Brian Grim, president of the Religious Freedom and Business Foundation, and associate of Berkeley Center (Religion, Peace and World Affairs), published an analysis of the correlation. Grim’s data was derived from the most recent Pew Research Center studies and statistics from the United Nations. Grim says he analyzed data on religious freedom and gender equality from both the Pew Research Center and the United Nations. He contends that there is a direct correlation between women’s empowerment and religious freedom.

The bottom line: Women’s empowerment cannot occur without religious freedom. Women around the world must be able to choose their own faith perspective. Religion cannot be handed down to them by male-dominated communities. A woman’s choice regarding religion (and its practices) will be one of the greatest factors that impacts her personal peace and freedom.

“You can have freedom of speech, but if you don’t have religious freedom, that’s only a halfway measure. In the same way, you can’t really have freedom of religion and not have freedom of speech. You have to have the whole package to make all of the freedoms work,” Grim said.

In response to the studies that have found that religious freedom empowers women, the network I direct, Middle East Women’s Leadership Network (MEWLN), and the Religious Freedom & Business Foundation (RFBF) are partnering to launch the Religious Freedom Film Competition.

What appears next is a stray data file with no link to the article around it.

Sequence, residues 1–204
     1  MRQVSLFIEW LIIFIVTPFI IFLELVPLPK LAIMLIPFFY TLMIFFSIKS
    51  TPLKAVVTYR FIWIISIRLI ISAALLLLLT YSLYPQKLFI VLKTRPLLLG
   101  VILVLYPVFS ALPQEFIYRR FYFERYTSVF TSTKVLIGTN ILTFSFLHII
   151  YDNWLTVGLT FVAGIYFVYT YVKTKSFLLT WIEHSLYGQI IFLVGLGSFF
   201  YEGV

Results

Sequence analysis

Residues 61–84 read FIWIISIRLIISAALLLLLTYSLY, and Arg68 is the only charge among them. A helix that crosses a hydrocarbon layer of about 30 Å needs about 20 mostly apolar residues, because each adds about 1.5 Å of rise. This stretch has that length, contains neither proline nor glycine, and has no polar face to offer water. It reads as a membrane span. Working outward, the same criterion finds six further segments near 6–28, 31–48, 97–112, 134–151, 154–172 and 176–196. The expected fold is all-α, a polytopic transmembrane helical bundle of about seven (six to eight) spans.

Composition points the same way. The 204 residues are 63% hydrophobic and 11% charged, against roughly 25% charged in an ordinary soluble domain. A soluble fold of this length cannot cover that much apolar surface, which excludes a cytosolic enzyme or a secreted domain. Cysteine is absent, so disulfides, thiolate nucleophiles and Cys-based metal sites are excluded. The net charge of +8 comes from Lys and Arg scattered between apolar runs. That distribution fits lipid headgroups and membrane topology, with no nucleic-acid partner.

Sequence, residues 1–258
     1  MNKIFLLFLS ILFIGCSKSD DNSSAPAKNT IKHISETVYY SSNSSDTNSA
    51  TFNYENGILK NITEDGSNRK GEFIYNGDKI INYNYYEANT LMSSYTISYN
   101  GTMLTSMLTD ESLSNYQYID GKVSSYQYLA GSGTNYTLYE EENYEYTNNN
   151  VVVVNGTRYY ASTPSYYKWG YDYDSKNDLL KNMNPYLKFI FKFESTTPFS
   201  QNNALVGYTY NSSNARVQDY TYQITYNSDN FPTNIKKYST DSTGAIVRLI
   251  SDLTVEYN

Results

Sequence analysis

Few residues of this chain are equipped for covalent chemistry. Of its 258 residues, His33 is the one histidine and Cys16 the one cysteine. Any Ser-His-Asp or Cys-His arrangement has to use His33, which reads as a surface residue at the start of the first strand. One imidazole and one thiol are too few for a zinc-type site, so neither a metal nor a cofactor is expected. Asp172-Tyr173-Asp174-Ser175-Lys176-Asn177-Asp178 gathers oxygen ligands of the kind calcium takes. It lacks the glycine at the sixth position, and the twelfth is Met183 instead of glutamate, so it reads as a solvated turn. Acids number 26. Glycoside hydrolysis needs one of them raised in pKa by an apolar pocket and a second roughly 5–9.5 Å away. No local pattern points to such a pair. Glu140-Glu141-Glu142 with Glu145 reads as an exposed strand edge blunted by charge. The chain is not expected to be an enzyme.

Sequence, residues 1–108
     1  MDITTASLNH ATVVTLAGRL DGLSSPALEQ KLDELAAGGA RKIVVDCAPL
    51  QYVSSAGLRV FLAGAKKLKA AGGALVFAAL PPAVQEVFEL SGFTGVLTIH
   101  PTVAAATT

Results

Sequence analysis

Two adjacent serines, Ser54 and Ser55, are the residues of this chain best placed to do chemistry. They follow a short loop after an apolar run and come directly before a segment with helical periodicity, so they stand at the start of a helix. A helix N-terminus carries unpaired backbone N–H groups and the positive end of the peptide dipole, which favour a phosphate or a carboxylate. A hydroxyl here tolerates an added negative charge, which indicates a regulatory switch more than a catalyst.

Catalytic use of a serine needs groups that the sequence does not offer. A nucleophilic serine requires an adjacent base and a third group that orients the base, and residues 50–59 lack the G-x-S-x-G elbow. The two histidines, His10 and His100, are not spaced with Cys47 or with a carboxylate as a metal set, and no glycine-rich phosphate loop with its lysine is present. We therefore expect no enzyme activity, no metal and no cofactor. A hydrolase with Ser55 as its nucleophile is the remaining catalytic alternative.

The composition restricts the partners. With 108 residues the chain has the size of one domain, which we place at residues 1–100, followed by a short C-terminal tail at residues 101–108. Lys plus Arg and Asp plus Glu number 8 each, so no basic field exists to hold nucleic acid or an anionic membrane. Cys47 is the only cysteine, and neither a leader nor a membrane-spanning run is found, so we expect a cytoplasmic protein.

In our age of media, we believe the important message of women’s rights connection to religious freedom must be shared as widely as possible. Furthermore, we believe we must create visual narratives which encourage indigenous leaders to advance the legal principals of freedom of thought, conscience, religion or belief for every person without distinction.

The goal of the film competition is to challenge women filmmakers around the world to create short films that showcase how religious freedom leads to innovation, peace, security, entrepreneurship, and human flourishing in communities.

The competition deadline is November 2017, with the grand prize winner receiving $5,000 and a trip to present her work at the 2018 Global Business & Interfaith Peace Awards in Seoul, South Korea, on March 8, 2018.

Strategically, these short films will express that a commitment to religious freedom and interfaith understanding can fulfill the U.N.’s Strategic Development Goal 16: “Promoting peaceful and inclusive societies for sustainable development, providing access to justice for all and building effective, accountable and inclusive institutions at all levels.”

My father passed away recently. I miss my relationship with him. He made the long trek from Tehran each year to visit my family in Los Angeles. He impacted my life in many ways, but mostly I am grateful that he allowed me to choose my own religious identity, from which many of my personal freedoms and life accomplishments flow. I hope the same for the next generation.

For more details about the competition and sample films, visit the MEWLN website or contact Shirin Taber, MEWLN Director, at